Ideally, work should have been the one place I didn’t have this problem, as my field is very progressive and since I’d included the following in my pregnancy announcement email:
“Congratulations, well wishes, and positive comments are always appreciated. Negative/discouraging remarks or stories about pregnancy/motherhood/twins/my body are not.”
After Arlene somehow managed to say something offensive during the three hours I work with her every week, for several weeks in a row, I finally snapped at her when she laughed at me, on the public floor, as I struggled to pick up something I dropped. I understand that she meant nothing by it, that she simply relates and would never deliberately say something hateful… but even my good ol’ boy husband agrees that it’s pretty much a given of social etiquette that you don’t cackle as a pregnant woman struggles to bend over. I spoke to my branch manager and told her, quite bluntly, that if a manager didn’t have a talk with Arlene, I was going to yell at her, that I simply did not have the patience for the discussion, because I didn’t want to listen to her apologize for two hours… and that’s exactly what happened after her supervisor spoke with her. That Saturday night, she texted lengthy apologies, insisting she didn’t even understand what she’d said and that she wished I’d just told her at the time. This only ended when I relayed the incidences and explained that I knew she’d be upset and didn’t have the energy to make her feel better.
Y’all, I genuinely like Arlene. She’s like our library grandma. Still, I simply refuse to accept that age is a valid exception to rules of society that are widely acknowledged by every other generation, in the vast majority of cases. Whether or not someone is over the age of 70, if they go out and spend time with people, multiple times a week, they know that is not okay to comment to other people on their bodies. I just don’t buy that no one has ever shown offense to such remarks, pregnant or otherwise. At best, they just see it as a social norm, because it was when they were growing up and at worst, they think it’s stupid to take offense, so they’ll say these things regardless, secure in the knowledge that they won’t be called out… and those are both terrible reasons to choose to be offensive, which goes for customers, as well.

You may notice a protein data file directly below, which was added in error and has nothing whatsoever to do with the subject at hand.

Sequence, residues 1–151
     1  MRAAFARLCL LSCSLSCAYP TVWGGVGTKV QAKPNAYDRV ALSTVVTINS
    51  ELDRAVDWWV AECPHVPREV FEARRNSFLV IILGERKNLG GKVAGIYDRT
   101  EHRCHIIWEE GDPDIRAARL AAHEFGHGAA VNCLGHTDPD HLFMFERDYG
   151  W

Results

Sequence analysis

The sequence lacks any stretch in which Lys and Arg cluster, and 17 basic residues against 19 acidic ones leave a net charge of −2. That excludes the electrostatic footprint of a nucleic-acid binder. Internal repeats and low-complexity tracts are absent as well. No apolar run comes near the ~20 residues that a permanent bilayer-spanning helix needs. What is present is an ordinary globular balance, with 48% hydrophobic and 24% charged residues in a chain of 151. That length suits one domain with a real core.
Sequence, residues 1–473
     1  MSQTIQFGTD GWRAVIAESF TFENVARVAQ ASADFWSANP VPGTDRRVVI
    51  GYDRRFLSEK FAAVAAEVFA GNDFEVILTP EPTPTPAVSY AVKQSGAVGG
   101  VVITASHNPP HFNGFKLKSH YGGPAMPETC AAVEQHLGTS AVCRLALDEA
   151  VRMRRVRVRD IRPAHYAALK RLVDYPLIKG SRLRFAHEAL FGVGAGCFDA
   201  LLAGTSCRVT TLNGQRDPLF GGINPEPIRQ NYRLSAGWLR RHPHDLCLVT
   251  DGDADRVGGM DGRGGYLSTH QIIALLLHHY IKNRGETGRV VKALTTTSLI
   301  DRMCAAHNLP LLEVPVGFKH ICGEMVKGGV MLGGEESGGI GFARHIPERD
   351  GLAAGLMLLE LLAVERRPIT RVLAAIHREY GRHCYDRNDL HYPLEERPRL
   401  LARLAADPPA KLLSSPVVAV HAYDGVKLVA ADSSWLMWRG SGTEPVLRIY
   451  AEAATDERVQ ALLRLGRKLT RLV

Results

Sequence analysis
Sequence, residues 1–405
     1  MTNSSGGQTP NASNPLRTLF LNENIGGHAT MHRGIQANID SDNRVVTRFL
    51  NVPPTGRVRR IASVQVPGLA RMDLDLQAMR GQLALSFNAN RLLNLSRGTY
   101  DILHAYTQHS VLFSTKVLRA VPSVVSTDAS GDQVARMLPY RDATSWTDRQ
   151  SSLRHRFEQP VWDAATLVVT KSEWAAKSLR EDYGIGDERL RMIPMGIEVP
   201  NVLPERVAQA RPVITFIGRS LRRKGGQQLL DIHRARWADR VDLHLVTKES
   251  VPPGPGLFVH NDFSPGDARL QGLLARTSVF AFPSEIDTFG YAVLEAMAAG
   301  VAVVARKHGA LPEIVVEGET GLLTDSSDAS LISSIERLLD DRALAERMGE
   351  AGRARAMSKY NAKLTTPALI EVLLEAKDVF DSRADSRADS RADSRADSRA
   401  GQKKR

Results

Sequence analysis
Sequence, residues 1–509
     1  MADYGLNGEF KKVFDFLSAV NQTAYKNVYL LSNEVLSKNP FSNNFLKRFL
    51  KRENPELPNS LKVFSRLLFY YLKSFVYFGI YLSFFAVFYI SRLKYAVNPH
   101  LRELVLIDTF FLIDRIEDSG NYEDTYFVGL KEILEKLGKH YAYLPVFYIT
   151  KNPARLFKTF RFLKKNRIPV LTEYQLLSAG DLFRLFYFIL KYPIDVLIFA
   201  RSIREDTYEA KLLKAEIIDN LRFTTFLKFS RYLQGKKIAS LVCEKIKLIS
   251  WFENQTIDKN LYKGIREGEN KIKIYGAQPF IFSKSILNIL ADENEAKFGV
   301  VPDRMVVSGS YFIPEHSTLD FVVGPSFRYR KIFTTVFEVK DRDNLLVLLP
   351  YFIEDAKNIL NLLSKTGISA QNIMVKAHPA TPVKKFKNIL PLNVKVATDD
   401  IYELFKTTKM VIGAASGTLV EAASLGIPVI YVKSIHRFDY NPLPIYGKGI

Customer: “It looks like you’re about ready to pop, Miss Belle.”
I ignored this as a one-off, said nothing, and kept walking. The very next day…
Different Customer: “You look like you’re about ready to pop.”
Me: “I don’t appreciate that comment.”
The very next day, thirty seconds after I finished telling Sarah how much the above infuriated me, another coworker walked in…
Amy: “Belle, you look like you’re about ready to pop.”
Me: ::harshly:: “Do not say that to me. No one on the planet wants to hear about how gigantic they are.”
Amy: ::awkward laughter::
Me: “It’s not funny.”
I’m done, folks. I might only have a few weeks left in this pregnancy, if that, but I’m not going to get any smaller in that time and, from what I hear, I have a lifetime of unwanted comments about my parenting ahead of me, so I am done. If there will forever remain those who are content to make me uncomfortable, I’ll find my own contentment in making them just as uncomfortable, right back. I’ll tell them they’re being offensive, argue the point vehemently if they push, and stare blankly if they try to laugh it off. They are the ones breaking the rules of a civilized society by commenting on private matters. They are the ones who need to get with the times. They can be the ones embarrassed in public.